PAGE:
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It’s never 2 late

Author: admin

In her remarkable journey from Gujarat to Arizona, Bhakti Gosalia has made a mark in senior care with her magic and wisdom, writes international columnist Jack York

 
I’ve been given a lot of leeway as I write these pieces for Harmony-Celebrate Age, so every once in a while I’ll introduce some odd phrases and concepts from the US and we’ll see how they translate. Today’s phrase is a saying that may or may not be relevant in India—but it’s certainly relevant with the person featured here. The catchphrase is ‘Do you walk the talk?’ And a person who lives that every day is Bhakti Gosalia, a remarkable woman raised in Gujarat who spreads her magic and wisdom in Arizona, the south-western part of the United States.

The phrase ‘walking the talk’ is actually a simple concept. People often talk about who they are, what they do, what impact they have. However, at least in the US, often times the reality of how they present themselves is in stark contrast to how they truly act. If you walk the talk, it simply means your actions match your words. Bhakti’s do.

Bhakti has plenty to say about healthcare, compassionate care, making the residents she serves feel at home in her community. She works as the executive director at Grandview Terrace, a community in the Sun Health family, close to Phoenix, Arizona. She has her own sense of gravitas. She looks you in the eye when you talk to her, she listens; she is respectful of every person she interacts with. When she talks to an elder in a wheelchair, she bends over to look at them from their level. Her passion runs deep; you can see it in her eyes when she talks to you about ageing, about culture, about dementia, about motivation.

Bhakti’s own journey to the US is also remarkable; she was born, raised and educated in India. Her parents are from the state of Gujarat where she was born. Soon after her birth, her parents chose to move to Mumbai to provide advanced educational opportunities for her and her siblings. She grew up in Mumbai and spent summer vacations camping in Gujarat on fields owned by her maternal grandma where she enjoyed fresh tropical fruits and vegetables!

She immigrated to the US after earning her first master’s degree in social work in 1985. She moved to Arizona in 1987 to be with her family who had moved here from India a few years before. Her upbringing had a dramatic impact on her journey. “The Indian culture is very respectful of our elders and children, as a rule, expect and plan to be actively involved with their parents as they age; so, a career in senior care is a natural fit for me,” elaborates Bhakti. “My first job was in the acute care setting at a Sun Health hospital that specialised in geriatric care. This social work position afforded the opportunity to interact daily with geriatric patients and the acute care setting afforded me the opportunity to envision changes that could have a dramatic impact toward a different outcome for our patients.”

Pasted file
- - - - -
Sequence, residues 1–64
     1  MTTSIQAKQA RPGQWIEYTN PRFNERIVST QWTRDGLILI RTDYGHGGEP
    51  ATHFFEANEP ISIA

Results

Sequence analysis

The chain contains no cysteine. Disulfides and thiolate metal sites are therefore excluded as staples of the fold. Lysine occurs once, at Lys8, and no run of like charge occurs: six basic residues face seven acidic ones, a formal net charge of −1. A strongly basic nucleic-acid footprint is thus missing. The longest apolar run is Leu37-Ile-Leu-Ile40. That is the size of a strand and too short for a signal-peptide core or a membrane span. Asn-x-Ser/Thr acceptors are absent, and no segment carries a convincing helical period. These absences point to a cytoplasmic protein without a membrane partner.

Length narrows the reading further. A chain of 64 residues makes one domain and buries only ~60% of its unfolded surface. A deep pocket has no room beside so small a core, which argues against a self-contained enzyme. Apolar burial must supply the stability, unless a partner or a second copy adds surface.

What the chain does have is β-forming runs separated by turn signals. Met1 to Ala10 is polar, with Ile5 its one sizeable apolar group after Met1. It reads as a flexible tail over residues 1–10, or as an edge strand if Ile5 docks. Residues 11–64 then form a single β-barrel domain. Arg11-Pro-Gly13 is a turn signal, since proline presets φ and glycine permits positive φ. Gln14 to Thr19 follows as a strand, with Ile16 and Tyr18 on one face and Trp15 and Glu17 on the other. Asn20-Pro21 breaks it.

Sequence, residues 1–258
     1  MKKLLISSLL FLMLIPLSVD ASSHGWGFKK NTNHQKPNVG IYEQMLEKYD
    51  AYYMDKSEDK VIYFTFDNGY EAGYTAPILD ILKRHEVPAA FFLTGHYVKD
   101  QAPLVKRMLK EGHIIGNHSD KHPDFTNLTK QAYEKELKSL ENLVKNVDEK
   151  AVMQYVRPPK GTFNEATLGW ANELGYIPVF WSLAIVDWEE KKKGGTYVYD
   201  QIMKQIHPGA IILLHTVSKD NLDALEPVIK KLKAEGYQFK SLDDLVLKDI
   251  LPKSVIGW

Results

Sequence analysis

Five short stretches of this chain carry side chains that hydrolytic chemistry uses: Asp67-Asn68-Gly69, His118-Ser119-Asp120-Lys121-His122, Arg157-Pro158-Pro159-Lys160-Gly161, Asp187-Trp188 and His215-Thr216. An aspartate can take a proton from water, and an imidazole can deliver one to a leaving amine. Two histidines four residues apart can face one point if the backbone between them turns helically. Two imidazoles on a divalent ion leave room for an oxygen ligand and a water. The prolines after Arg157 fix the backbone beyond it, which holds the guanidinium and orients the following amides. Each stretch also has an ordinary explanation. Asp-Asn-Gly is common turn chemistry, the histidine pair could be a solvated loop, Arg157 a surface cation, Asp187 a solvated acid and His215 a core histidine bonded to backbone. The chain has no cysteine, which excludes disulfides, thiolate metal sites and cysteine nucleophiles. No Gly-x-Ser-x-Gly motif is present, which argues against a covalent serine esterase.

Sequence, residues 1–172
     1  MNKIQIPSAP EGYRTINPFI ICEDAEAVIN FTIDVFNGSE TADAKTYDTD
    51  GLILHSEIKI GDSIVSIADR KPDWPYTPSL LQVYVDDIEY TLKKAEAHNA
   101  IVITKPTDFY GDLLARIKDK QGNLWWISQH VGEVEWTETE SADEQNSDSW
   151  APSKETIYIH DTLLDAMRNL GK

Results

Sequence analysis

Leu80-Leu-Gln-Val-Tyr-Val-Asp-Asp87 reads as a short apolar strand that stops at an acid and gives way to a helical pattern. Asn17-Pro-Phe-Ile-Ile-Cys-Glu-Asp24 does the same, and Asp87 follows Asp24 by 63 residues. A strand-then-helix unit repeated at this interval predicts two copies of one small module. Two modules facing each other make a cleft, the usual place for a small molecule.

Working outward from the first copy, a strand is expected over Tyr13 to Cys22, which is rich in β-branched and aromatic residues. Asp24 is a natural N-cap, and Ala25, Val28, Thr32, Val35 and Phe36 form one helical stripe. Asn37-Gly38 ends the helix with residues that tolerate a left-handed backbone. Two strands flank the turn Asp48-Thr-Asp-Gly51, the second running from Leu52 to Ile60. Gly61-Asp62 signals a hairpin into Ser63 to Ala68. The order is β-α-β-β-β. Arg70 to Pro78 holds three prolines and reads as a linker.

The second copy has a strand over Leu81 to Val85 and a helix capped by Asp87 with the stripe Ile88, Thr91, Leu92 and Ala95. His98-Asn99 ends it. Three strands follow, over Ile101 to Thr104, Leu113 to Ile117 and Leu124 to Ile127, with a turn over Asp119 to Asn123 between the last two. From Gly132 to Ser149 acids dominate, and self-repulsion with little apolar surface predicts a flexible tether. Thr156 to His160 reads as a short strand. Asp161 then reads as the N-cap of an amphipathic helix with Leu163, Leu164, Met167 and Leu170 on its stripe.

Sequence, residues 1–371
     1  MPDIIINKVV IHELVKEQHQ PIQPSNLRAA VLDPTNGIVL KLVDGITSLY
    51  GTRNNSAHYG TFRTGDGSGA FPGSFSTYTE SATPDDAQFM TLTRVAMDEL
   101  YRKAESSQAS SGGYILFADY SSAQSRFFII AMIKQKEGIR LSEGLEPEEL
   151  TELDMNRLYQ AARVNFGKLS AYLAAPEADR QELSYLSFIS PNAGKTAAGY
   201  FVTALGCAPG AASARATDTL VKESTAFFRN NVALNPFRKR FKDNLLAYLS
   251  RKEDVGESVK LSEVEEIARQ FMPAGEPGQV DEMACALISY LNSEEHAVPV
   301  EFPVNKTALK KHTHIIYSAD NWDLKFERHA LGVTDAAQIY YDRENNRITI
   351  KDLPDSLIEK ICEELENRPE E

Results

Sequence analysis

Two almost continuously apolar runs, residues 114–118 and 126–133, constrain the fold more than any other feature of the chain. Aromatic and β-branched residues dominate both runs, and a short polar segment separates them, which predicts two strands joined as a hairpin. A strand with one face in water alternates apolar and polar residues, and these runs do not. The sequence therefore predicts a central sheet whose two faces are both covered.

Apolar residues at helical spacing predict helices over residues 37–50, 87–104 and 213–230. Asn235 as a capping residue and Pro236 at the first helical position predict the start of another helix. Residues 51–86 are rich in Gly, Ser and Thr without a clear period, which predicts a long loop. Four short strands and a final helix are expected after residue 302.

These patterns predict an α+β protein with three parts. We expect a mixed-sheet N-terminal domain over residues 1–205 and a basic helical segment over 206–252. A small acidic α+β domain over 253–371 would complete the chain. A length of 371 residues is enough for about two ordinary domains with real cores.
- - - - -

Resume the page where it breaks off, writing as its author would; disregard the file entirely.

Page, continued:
Later, she earned her second master’s degree in health services administration. This led to new opportunities to venture into post-acute care as the administrator at the hospital’s rehab facility. Her background in social work gave her the empathy, compassion and drive to help older adults while her administrative background gave her the skill set to navigate the constantly evolving regulatory requirements.

Bhakti has always worked from her heart and her work has earned plenty of accolades. Her community won the Environmental Design Award for their memory support suites at the 2015 LeadingAge AZ Annual Conference. That same year she was presented with the LeadingAge AZ Award of Honour. In 2016, they won the Best Practice Award from LeadingAge AZ and she was able to share these best practices in her presentation on the topic, ‘Be the Difference by Building Relationships in Memory Support’. She also was recently selected as a LeadingAge academy fellow.